The CIMB Cycle events for this year were originally scheduled for 21st April 2018. The 14th General Elections got in the way, so the rides were postponed until 7th July 2018.
Read about the 2017 CIMB Cycle event here.
The start and finish were at the Sepang International Circuit, which hosted the Malaysian Formula One Grand Prix for many years.
There were two CIMB Cycle options. Either the 90km Challenge Ride or the 160km Endurance Ride. The R@SKLs opted for the Challenge Ride.
In retrospect that was a good decision. A few of us had stayed up almost the entire previous night to watch the World Cup quarterfinals. One of us, having flown into Kuala Lumpur late on the eve of the ride, had to sleep in a chair at the airport after discovering that he had booked an airport hotel room for the wrong night.
The first of the R@SKLs got to the Sepang International Circuit at just after 6.00am.
Pretty in pink! With some men in the mix for gender balance!
The rest of us got caught up in the queue with 3,000 other participants, first, to get into the parking area, and second, to find a parking spot.
We all eventually made it to the starting point. I didn’t count how many were in our group. I reckon about 30.
The event was very well organised. The only complaint I had – and it is a common complaint of mine – is that we were flagged off late. One explanation I heard for this was that the start was delayed to give more time to those who got caught in the traffic jam to join the rest of us who were ready to roll.
The delay did give us more time for photographs though.
The Challenge Ride route started with a loop around the SIC race track, followed by a roughly 10km long speed-controlled stretch before we were all let loose on the road to Sepang.
The police and marshalls did an excellent job along the route. All junctions and intersections were actively manned, and traffic was stopped to allow riders to proceed uninterrupted. This alone is usually enough to win kudos for an event organiser. The police and marshalls at this event outdid themselves by taking traffic off the road completely whenever they could.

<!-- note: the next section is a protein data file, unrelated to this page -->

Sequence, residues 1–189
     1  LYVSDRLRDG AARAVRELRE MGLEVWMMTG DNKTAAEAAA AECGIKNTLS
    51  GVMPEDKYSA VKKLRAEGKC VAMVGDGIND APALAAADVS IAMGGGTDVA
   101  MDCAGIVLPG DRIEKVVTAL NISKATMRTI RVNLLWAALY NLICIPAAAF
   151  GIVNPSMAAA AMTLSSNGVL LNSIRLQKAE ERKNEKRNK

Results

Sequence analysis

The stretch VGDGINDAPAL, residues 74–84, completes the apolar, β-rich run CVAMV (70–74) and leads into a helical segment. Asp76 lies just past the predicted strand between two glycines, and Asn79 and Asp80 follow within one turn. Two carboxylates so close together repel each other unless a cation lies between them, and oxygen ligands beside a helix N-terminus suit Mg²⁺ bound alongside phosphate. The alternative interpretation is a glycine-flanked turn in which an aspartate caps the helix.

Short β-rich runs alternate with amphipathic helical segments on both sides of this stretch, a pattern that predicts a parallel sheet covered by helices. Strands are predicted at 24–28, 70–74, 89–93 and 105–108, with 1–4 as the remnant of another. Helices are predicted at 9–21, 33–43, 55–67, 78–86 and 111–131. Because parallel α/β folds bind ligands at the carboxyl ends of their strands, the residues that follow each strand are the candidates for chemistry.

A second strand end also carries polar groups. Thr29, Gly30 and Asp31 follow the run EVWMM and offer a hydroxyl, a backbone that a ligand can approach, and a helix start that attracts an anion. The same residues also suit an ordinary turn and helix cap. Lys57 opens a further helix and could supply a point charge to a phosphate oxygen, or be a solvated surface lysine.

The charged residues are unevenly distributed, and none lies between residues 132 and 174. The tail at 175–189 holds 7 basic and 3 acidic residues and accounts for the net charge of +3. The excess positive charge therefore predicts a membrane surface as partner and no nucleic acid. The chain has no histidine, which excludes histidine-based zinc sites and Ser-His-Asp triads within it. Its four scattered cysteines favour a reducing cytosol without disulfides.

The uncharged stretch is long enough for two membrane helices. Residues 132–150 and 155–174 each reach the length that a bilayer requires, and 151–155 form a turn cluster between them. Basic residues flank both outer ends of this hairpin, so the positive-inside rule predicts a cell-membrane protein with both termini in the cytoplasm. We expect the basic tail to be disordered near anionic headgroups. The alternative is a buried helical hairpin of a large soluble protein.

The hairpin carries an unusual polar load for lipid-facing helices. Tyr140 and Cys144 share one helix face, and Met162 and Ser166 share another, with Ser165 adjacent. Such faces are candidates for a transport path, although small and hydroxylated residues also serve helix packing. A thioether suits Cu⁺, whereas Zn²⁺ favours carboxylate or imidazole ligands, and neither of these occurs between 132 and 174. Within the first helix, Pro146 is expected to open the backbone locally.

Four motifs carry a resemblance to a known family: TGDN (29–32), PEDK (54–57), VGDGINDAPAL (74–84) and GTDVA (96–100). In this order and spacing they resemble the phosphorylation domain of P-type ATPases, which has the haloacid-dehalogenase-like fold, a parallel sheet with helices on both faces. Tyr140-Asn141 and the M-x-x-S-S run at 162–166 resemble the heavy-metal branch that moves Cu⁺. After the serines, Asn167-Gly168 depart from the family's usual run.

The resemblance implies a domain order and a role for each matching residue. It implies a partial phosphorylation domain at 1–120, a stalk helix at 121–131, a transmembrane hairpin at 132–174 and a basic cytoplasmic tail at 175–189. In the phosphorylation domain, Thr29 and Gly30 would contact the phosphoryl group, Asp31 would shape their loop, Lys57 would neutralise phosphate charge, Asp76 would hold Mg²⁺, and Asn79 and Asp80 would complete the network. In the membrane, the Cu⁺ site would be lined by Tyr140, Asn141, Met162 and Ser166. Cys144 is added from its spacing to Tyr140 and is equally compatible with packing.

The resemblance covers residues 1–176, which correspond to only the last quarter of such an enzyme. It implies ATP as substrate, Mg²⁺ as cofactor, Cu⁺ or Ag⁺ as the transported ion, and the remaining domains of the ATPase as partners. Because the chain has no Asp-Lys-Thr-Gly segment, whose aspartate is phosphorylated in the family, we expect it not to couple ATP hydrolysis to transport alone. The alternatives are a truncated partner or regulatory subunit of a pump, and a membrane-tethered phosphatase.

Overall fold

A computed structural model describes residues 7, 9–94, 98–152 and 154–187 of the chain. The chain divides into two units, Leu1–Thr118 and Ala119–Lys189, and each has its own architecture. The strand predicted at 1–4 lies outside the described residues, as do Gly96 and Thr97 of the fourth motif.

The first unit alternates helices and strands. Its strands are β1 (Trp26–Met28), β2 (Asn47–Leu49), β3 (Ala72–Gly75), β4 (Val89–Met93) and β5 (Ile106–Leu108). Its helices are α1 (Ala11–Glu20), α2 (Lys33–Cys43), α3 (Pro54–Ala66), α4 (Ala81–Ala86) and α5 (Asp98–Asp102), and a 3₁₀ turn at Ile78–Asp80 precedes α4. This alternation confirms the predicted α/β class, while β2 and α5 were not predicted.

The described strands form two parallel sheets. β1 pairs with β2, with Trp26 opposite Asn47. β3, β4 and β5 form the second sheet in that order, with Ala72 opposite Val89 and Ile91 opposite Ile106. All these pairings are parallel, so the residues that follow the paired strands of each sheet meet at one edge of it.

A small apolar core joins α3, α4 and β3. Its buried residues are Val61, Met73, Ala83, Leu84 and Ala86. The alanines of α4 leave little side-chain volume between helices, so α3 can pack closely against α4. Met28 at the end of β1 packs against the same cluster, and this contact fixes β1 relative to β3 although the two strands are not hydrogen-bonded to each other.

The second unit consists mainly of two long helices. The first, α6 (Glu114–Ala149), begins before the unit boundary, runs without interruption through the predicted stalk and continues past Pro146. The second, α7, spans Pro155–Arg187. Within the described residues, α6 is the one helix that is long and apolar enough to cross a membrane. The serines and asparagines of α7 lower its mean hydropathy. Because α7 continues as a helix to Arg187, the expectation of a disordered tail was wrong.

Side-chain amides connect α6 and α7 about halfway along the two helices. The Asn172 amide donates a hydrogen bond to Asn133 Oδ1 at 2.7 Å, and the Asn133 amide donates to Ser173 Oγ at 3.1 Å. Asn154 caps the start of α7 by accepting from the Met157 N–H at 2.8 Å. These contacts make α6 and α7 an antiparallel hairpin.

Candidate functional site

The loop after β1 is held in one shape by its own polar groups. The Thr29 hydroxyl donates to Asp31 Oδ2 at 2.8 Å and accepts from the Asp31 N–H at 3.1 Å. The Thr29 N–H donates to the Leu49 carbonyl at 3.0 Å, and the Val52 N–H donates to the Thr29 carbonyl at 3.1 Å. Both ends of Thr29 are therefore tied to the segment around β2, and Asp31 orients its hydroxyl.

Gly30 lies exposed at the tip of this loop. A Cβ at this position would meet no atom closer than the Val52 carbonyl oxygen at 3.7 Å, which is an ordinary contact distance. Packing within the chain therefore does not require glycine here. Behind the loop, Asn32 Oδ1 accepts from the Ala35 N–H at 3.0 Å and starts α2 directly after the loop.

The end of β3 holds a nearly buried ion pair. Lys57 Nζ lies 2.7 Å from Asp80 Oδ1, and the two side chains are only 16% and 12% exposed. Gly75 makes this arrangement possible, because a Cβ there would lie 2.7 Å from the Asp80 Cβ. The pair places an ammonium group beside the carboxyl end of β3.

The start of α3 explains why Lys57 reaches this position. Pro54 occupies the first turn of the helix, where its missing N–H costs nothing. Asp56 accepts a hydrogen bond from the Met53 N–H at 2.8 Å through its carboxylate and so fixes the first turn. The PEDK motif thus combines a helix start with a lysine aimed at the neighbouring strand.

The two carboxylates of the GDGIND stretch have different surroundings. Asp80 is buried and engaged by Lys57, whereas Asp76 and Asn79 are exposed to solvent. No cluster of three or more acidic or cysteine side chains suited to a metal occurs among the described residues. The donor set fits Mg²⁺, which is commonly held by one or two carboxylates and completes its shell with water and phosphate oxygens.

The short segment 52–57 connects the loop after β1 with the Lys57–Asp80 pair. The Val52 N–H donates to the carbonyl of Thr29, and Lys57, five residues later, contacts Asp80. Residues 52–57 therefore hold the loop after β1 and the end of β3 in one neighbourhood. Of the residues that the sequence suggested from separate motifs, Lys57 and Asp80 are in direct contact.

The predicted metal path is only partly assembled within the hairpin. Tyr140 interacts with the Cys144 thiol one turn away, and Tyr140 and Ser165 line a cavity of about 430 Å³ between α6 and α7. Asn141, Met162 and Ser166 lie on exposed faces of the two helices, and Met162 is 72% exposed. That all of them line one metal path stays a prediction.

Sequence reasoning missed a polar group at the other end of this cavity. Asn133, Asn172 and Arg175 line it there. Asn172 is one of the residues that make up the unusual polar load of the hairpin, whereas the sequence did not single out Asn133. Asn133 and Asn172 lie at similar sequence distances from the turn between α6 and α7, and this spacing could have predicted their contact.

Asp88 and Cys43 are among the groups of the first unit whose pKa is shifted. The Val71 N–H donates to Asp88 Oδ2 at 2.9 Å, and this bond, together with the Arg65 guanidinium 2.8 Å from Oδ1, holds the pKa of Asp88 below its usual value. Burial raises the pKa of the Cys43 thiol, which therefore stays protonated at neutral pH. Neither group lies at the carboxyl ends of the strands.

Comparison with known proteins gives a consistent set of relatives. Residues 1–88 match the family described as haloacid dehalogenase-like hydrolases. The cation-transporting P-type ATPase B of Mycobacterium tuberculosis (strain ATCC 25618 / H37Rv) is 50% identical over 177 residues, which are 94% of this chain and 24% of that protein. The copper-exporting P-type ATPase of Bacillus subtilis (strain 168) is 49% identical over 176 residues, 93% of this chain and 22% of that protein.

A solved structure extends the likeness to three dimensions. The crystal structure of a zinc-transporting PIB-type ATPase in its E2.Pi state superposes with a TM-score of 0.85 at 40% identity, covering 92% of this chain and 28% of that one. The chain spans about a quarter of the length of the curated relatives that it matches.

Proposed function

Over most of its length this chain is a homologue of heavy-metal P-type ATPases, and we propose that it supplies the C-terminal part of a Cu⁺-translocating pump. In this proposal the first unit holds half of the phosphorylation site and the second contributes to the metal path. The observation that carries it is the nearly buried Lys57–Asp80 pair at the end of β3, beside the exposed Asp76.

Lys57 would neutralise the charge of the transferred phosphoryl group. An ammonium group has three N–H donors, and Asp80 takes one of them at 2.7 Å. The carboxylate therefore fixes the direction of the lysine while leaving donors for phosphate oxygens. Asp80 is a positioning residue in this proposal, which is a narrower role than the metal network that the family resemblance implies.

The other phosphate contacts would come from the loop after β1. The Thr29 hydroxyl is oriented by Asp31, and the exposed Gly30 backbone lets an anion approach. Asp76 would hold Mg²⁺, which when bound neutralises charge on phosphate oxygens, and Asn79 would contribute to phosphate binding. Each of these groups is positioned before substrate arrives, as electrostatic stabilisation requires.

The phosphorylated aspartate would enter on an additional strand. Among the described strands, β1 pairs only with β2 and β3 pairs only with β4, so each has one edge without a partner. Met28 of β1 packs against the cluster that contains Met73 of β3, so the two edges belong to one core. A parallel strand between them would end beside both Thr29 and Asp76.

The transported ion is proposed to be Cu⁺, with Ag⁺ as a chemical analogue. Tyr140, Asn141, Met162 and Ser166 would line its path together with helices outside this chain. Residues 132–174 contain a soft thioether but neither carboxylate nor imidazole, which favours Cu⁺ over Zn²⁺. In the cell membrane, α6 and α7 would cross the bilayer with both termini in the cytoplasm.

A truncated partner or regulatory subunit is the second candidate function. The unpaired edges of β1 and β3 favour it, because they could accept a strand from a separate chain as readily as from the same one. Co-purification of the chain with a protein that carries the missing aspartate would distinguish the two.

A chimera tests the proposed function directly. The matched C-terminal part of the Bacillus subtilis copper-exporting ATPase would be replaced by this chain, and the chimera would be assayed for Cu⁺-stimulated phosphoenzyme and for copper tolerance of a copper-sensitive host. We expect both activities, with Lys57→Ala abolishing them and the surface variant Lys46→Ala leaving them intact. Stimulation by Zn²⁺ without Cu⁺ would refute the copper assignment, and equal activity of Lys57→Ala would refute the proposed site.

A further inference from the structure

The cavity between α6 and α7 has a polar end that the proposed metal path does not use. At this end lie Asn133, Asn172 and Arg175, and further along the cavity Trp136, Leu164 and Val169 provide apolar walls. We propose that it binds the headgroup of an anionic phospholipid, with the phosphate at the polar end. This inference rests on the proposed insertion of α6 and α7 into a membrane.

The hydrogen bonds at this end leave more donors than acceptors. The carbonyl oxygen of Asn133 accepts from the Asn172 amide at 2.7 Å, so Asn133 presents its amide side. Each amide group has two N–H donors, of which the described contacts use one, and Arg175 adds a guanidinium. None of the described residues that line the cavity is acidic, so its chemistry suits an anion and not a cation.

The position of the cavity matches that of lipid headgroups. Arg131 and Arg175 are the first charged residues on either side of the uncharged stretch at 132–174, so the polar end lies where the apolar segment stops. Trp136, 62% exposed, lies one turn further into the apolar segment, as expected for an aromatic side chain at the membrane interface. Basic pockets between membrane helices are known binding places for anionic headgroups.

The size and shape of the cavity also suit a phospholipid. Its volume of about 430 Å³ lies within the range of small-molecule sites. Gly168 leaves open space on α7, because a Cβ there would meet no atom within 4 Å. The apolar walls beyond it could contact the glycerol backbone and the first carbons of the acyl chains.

I estimate that for 80% of the route, the police and marshalls pulled vehicles over onto the road shoulders, giving riders a clear road.
This was fantastic for the participants. However, the organiser’s Facebook page quickly filled up with complaints from motorists who were delayed by the traffic controls for the event. Apparently, some people missed flights because they were held up while on the way to the airport.
Unlike last year’s CIMB Cycle event, there were no big climbs to get over this time. Nevertheless, the rolling terrain presented lots of short, punchy climbs. This was no flat easy run.
We were ready for the aid stations when they came along. More kudos to the organisers for having enough water, bananas and ice on hand.
By the time we got to the second aid station almost all the climbing was behind us. That was the positive. The negative was that it was hot. The heat was radiating off the road surface.
It felt even hotter during the final loop on the Sepang racetrack before the finish. I think we were all glad to pass under the Start / Finish banner.
Then it was time to cool off in the shade.
We all got finisher’s medals.
I must give a big shout out to Danial Lim, who backtracked a number of times along the route to make sure that all the R@SKLs to safely to the finish line. Thank you Danial.
Much appreciation also to Heng Keng, for helping the R@SKLs with registration for this event, and for picking up our race packs for us.
Heng Keng even managed to get us a photo opportunity with Zafrul Aziz, the CEO of CIMB Group Holdings (in the red shirt to the left) and Azizul Awang, the first Malaysian to win a UCI World Championship (in the red shirt on the right).
The highlight of the day was, as always, the camaraderie and laughter that is the hallmark of the R@SKLs.
A close second was the experience of riding on the Sepang track where Formula One champions like Michael Schumacher, Fernando Alonso, Sebastian Vettel, and Louis Hamilton once raced. The SIC does occasionally open the race track to cyclists. The R@SKLs may be back at the Sepang International Circuit the next time that happens.